- The Washington Times - Monday, April 2, 2001

Soviet missile crisis

"Ten years ago, just after President [Mikhail] Gorbachev was released from house arrest following the failed coup, a United States senator on an official visit to Moscow met with him in his Kremlin office, and asked him as the meeting was closing directly if he had retained command and control of the Soviet nuclear forces during his arrest. President Gorbachev did not answer, and that was answer enough. I was that senator. The Soviet empire was coming apart."

Sam Nunn, former chairman of the Senate Armed Services Committee, on why he became co-chairman and chief executive officer of the Nuclear Threat Initiative, a foundation he started with media mogul Ted Turner last year. Mr. Turner gave $250 million to the organization, which is dedicated to reducing the global threat of weapons of mass destruction.

Barn-raising

The Democratic Party is moving out of Washington with the aim of coming back on top.

Losing control of the White House and both houses of Congress, the Democratic Leadership Council over the weekend sounded the gavel in Milwaukee, convening its inaugural meeting of the newly formed State Legislative Advisory Board (SLAB) Executive Committee to discuss policy and political strategy.

"[W]e recognize that the future of our party and our movement is in the states, and that the DLC needs to constantly add value to state and local elected leaders," says SLAB chairman and Wisconsin state Rep. Antonio Riley. "Our meeting in Milwaukee will be the first step in discussing new and creative ways to continue to expand the New Democrat Movement beyond Washington and to the grass roots."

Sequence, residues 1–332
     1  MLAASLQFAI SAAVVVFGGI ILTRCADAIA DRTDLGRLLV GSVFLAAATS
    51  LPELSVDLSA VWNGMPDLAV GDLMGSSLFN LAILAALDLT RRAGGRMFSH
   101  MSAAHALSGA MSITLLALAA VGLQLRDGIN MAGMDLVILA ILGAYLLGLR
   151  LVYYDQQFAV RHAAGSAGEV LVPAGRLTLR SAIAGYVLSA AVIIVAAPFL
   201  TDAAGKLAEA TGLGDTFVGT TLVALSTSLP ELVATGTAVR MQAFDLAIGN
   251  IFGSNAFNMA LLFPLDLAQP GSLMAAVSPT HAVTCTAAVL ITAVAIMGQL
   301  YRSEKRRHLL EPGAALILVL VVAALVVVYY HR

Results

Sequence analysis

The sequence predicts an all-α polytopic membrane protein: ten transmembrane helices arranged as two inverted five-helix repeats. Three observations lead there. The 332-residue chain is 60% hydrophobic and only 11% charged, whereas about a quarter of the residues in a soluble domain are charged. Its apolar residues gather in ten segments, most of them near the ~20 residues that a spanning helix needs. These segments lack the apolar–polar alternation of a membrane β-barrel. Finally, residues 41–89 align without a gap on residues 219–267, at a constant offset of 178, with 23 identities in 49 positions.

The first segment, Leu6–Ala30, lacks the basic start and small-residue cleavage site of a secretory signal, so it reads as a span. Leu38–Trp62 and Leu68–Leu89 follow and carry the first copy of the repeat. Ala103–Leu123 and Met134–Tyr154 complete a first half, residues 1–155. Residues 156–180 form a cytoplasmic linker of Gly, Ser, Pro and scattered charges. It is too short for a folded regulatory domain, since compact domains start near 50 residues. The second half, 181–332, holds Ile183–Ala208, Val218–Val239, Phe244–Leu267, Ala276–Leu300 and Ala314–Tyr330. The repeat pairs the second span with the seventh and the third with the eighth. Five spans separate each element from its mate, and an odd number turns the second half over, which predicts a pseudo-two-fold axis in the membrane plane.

The DLC, founded in 1997, is considered the idea and policy center of the Democratic Party. Its charter includes promoting opportunity and "demanding responsibility from all."

Timeless Rothbard

He was alive for barely two years of the Clinton administration, but somehow in the new book "The Irrepressible Rothbard" the late Libertarian economist Murray N. Rothbard nails the previous decade from the first page to the last, as reflected in this preview of Mr. Rothbard's essays:

"In the 1990s, the culture became a tool of coercion. Using affirmative action, discriminatory taxation, hate-crime laws, bribes to states and localities, selective investigations, military adventures, and armed federal cops, the Clinton administration was doing far more than interfering in the economy. It was attempting to reconstruct American life."

Bankrolling Jesse

The Capitol Research Center has just issued a special report on Jesse Jackson's empire, raising questions about accounting and accountability.

According to the report's author, Patrick J. Reilly, any Internal Revenue Service audits are the least of Mr. Jackson's worries.

"His network has survived audits, fines and lawsuits," Mr. Reilly points out. "What is most likely to topple Jackson is neither political embarrassments nor government oversight. It's a steep decline in corporate donations.

"Corporate money made possible the dramatic growth of Jackson's nonprofits in recent years; if it dries up, so will Jackson's empire."

Among the major donors to Mr. Jackson's organizations: America Online, American Honda Motors, Anheuser Busch, Archer Daniels Midland, AT&T;, Bell Atlantic, Boeing, BMW of America, BP Amoco, Burger King Corp., Chase Manhattan Corp., Chicago Bulls, Chicago White Sox, Coca-Cola Co., Coors, DaimlerChrysler, Delta Air Lines, Denny's, DuPont, Fannie Mae, Food Lion, Ford Motor Co., Freddie Mac, General Motors Corp.

Also included are: Gap, Goldman Sachs Group, GTE Service Corp., HBO, Lehman Brothers Inc., Lockheed Martin, Major League Baseball, McDonald's, Mercedes-Benz, Merrill Lynch & Co., Metropolitan Life, Microsoft Corp., Miller Brewing Co., Mitsubishi Motor Corp., Morgan Stanley Dean Witter, NASCAR, New York Stock Exchange, Nissan Corp., Office Depot, Paine Webber, Panasonic, PepsiCo., Philip Morris, Prudential Insurance and Securities, Quaker Oats Co., Safeway Corp., Sara Lee Corp., Shell Oil, Salomon Smith Barney, Shoneys Corp., Slim Fast Industries, Sony Electronics, Sprint, State Farm Insurance, Texaco Inc., Time Warner Corp., Toyota, United Airlines, Wal-Mart and Walt Disney Co.

People's party

"I knew it would boil down to this," writes Inside the Beltway reader Ray Berry Jr., of De Soto, Mo., referring to the ongoing congressional debate over competing tax-cut proposals.

"Under the Republican tax proposal, some taxpayers would get a Lexus and some would get a muffler. Under the Democrats' tax proposal, everybody gets a muffler."

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